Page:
I am so incredibly mind-numbingly sick of this question. Don't get me wrong, I don't always hate the word diet. "These ancient peoples ate a diet consisting of..." is totally fine. "There should be lots of vegetables and hot sauce in your diet for health!" also gets past my censors. But that question. It eats away at me (if you'll pardon the accidental pun).
Before I moved to Korea, I don't remember thinking about it much, but I can't say if it's due to any cultural difference or just something that's been on a slow burn that finally blew up. There are so many instances where this question comes up. for example:
-when I'm eating a salad
-when I don't take a ginormous portion of rice at lunch
-when I don't want to eat any cake that someone brought into the office
...I could go on.
"Are you on a diet?"
I've had a rather enjoyable week, despite the humidity and the MERS scare. Actually, as horrible as this probably sounds, I'm feeling rather thankful to MERS. For one thing, there's soap in the school bathrooms for the first time since, well...ever? I guess people are actually washing their hands now? It's a miracle! Also, since parents were freaking out about it, my school decided to close for 3 days, because allowing students to roam freely around town is somehow safer? One way or the other, teachers still had to come in, though it still felt like a bit of a vacation.
I know, eating dumplings for breakfast sounds weird, but in our defense A) we slept in pretty late and B) don't be such a square.
Hopefully you've recovered from the feast that was Part 1, because I have yet more food to talk to you about. I pretty much always have food to talk about, so it's a wonder I ever write about anything else on this blog. First stop of the day? Dumplings.
Long time no see! Or not see, exactly, but...well...anyways. Sorry I didn't write for so long. I got my first bad cold of the season, and while it tried to knock me down, I got up again because, to quote Chumbawumba, "you're never gonna keep me down." I've been working on a longer post about my teaching style and serious stuff like that, but it's taking too long, so instead I'll take you on a food tour of Jeonju! Because who doesn't love food?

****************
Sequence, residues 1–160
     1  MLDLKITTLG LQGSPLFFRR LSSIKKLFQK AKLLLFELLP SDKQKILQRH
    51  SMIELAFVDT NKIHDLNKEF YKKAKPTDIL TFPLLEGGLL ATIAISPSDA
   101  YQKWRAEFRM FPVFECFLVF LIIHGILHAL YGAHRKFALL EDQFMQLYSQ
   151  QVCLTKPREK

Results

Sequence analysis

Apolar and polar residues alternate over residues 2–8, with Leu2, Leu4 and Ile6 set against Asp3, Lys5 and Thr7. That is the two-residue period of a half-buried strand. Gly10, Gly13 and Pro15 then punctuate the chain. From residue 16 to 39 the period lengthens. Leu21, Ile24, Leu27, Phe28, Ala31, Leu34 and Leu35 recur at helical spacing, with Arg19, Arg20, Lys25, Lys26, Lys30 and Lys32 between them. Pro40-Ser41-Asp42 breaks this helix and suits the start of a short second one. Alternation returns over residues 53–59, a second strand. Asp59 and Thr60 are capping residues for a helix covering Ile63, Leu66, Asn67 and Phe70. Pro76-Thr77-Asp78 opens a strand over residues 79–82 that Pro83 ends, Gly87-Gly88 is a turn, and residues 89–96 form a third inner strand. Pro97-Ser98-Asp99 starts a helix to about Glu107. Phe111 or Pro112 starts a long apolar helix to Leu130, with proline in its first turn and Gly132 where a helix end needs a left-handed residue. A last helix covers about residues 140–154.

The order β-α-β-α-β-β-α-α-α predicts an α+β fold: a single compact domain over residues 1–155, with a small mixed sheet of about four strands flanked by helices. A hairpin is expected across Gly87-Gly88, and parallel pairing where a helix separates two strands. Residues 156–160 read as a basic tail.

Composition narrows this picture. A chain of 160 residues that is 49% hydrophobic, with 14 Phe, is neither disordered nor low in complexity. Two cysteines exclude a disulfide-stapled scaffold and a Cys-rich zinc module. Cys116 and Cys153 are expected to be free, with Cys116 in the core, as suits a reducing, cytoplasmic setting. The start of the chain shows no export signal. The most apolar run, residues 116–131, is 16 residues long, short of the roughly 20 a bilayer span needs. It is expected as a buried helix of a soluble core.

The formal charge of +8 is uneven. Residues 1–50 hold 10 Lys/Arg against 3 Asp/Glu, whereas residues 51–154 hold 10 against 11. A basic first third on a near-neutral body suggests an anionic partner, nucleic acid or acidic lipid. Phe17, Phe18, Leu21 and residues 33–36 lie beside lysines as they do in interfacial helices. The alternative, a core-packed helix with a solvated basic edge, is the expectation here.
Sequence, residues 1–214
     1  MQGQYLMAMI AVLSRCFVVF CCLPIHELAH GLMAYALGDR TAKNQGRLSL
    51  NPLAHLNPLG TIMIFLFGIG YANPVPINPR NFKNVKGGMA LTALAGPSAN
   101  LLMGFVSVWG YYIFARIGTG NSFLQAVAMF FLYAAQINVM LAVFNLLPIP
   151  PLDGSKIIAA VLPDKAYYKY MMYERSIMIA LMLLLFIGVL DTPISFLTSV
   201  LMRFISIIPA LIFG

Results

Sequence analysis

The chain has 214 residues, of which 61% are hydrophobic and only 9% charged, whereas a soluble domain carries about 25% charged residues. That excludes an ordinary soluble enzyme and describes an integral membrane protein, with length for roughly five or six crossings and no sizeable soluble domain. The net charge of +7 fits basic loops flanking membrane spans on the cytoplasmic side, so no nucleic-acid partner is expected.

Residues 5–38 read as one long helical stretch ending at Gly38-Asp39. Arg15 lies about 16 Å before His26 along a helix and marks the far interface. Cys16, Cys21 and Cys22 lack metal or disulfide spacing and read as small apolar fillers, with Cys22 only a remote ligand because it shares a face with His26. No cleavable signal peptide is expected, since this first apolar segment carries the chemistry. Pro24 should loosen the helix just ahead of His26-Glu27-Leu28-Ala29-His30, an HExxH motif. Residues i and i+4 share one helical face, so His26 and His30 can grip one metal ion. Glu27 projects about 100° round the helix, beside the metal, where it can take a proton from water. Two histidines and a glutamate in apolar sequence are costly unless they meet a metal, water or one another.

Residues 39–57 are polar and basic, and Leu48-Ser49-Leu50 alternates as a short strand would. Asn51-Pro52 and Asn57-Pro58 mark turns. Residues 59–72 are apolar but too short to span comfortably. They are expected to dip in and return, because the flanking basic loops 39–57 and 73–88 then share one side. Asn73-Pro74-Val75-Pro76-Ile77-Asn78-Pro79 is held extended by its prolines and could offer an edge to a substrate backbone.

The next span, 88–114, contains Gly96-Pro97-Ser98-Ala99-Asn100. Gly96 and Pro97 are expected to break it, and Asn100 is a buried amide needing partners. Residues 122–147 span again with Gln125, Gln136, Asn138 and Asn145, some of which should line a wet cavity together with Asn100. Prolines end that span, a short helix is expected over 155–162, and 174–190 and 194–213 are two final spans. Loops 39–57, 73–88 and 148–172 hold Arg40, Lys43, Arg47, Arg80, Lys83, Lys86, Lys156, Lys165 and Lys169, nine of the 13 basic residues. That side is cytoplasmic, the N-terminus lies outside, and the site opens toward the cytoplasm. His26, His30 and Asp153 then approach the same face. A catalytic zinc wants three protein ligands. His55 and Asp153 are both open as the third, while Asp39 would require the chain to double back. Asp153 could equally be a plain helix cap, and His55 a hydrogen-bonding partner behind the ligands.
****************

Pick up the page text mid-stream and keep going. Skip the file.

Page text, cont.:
As you get older, birthdays get...complicated. It used to be so easy. Cake and candles, invite your friends over, a pile of presents, rinse, repeat. But now that I'm older, it's more of an annoying obligation that anything else at times. It feels as if I'm expected to have a party, expected to go out, when often all I want to do is stay home with a pizza.
I'll be moving soon, and this fills me with some conflicting emotions. On the one hand, my current place is a sort of glorified dorm room, with no kitchen to speak of and barely enough space to do, well, anything. On the other hand, my landlords are some of the sweetest people I've ever met. It's not unlike renting an apartment from your friend's grandparents.
Well? Good question.
Before I came to Korea, I'd been considering both Japan and Korea as possible destinations. Thanks to a dumb mistake on my JET application (postmarked by and received by are VERY different, kids), Japan fell out of the running pretty early. However, that doesn't mean that there weren't plenty of reasons why Korea felt like a good choice.
After "What's your name?", "How old are you?", "Do you have a boyfriend?", "Why not?" and "Do you know Dokdo?", one of the most common and weirdly challenging to answer questions I get in Korea is "Why did you come to Korea?" Why Korea, and not some other country? Why would you fly halfway across the world, leave everything familiar, and take a job here?
So let's see...where did I leave off? Ah yes. Bubble tea. Myeongdong. I had plans to meet Yun around 2, so I settled down on a rock...bench...thing in front of the art museum to wait, splitting my time between people watching and reading. The only problem with the choice to read a book is that when he showed up, he was able to scare the living daylights out of me. I now only possess dead daylights. It's a modern tragedy.
Anyways! I've been a total homebody lately, more likely to lurk at home on the weekends reading YA fiction and drinking iced coffee than to go out and do, well, anything, but this weekend I finally broke my rut. Despite a late and lazy start, I caught a bus down to Daejeon to meet my friend Joon who was visiting from Seattle. The whole plan was really hard to explain to anyone. So wait...your friend from America...who is Korean...and she's in Seoul...but you're meeting in Daejeon...why...?
For whatever reason I rarely feel motivated to write posts that are just about my life, but I just had such a ridiculously good weekend I feel compelled to write about it. These are the things you want to remember, right? Focus on the awesome stuff, ignore the bad stuff, instant success. Maybe.